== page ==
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‘Simply shocking’ temperature rise in the Arctic
“Off the scale” data is an early warning of what could happen in the rest of the Arctic

The latest data shows that the North Barents Sea region of the Arctic is heating up seven times faster than the rest of the world.

Scientists suspect that the fast-rising temperatures in this region are triggering the increase in the amount of extreme weather that has been experienced in North America, Europe and Asia. Researchers have warned that what is happening in this region could be an ‘early warning’ of what might happen in the rest of the Arctic.

The study, led by the Norwegian Meteorological Institute, shows that annual temperatures in the area are rising across the year by up to 2.7C a decade. This is even more pronounced during the autumn month when the temperature is rising by up to 4C a decade. This makes the North Barents Sea region the fastest warming place on earth.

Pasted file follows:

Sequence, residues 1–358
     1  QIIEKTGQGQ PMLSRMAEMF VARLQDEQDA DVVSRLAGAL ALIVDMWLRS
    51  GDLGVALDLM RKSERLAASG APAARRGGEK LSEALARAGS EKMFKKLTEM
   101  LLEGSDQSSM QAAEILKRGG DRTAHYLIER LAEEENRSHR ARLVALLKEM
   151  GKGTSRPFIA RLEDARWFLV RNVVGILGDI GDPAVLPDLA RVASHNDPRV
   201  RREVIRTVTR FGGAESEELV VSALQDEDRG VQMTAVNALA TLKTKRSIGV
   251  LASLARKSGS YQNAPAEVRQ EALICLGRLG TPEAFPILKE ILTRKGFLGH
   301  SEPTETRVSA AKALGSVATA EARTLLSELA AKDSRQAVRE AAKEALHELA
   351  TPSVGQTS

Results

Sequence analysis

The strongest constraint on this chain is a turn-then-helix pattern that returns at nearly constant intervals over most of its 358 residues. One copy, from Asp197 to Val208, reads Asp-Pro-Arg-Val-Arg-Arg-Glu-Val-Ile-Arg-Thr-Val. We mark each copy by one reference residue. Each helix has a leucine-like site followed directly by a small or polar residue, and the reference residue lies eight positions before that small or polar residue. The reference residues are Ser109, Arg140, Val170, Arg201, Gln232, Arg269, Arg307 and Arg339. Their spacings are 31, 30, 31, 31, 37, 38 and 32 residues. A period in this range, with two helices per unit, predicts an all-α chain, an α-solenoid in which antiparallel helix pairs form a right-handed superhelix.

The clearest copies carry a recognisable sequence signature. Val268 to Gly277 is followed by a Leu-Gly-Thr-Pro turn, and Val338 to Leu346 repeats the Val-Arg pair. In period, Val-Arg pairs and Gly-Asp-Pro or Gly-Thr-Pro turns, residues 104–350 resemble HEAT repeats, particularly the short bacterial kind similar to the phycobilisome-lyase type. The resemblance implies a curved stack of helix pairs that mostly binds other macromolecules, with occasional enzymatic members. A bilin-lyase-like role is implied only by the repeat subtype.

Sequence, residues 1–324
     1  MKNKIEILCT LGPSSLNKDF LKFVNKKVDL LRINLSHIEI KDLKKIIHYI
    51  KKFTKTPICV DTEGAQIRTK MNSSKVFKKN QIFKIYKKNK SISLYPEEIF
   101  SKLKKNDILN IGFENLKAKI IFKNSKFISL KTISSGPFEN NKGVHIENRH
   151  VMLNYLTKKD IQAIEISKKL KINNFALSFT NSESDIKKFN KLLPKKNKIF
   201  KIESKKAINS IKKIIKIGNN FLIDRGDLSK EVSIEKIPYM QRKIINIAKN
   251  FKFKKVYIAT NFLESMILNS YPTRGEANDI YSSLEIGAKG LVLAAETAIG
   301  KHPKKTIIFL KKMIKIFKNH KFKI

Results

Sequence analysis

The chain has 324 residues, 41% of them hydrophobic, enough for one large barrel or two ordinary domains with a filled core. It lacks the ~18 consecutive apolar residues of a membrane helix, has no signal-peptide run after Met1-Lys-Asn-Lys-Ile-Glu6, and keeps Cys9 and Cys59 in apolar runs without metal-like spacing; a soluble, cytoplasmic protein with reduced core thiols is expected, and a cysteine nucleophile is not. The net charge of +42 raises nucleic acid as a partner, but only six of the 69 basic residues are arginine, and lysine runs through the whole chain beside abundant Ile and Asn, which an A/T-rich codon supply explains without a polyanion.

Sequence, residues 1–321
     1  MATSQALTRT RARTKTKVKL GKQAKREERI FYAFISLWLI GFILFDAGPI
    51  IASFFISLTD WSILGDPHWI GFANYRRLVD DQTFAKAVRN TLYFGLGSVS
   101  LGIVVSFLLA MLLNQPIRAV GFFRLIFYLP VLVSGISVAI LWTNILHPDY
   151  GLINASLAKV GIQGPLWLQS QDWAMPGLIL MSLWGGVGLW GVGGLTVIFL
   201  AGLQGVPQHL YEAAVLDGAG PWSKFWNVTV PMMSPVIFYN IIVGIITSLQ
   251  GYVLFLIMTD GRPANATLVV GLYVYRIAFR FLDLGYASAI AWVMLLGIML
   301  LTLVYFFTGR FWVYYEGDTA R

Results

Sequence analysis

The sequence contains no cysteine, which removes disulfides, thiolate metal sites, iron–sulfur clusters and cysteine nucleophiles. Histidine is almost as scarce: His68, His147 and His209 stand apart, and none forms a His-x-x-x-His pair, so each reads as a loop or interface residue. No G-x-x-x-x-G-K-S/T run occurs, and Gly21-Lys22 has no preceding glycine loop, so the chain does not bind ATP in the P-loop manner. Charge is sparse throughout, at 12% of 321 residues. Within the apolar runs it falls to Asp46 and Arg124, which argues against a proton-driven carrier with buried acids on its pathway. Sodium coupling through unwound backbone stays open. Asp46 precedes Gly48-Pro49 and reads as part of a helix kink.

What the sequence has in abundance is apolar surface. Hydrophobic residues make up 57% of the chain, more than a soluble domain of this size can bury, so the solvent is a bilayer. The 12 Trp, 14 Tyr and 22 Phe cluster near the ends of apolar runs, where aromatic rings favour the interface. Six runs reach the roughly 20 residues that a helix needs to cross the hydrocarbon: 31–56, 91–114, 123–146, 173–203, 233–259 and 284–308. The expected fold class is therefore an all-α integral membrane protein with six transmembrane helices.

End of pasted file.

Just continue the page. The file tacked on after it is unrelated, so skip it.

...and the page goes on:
Some climate scientists have warned that this could mean that climate change is speeding up. Scientists had already discovered that the Arctic was heating up twice as fast as the rest of the world but this new research shows the situation is even worse in some places.

“We expected to see strong warming, but not on the scale we found,” said Ketil Isaksen, senior researcher at the Norwegian Meteorological Institute. “We were all surprised. From what we know from all other observation points on the globe, these are the highest warming rates we have observed so far.”

This new information could help researchers find out more about the link between changes and the Arctic and extreme weather in popular areas at lower latitudes. Evidence is coming to light that rapid increase in temperatures affect the jet stream winds that encircle the pole and influence extreme weather.

Fiona Kyle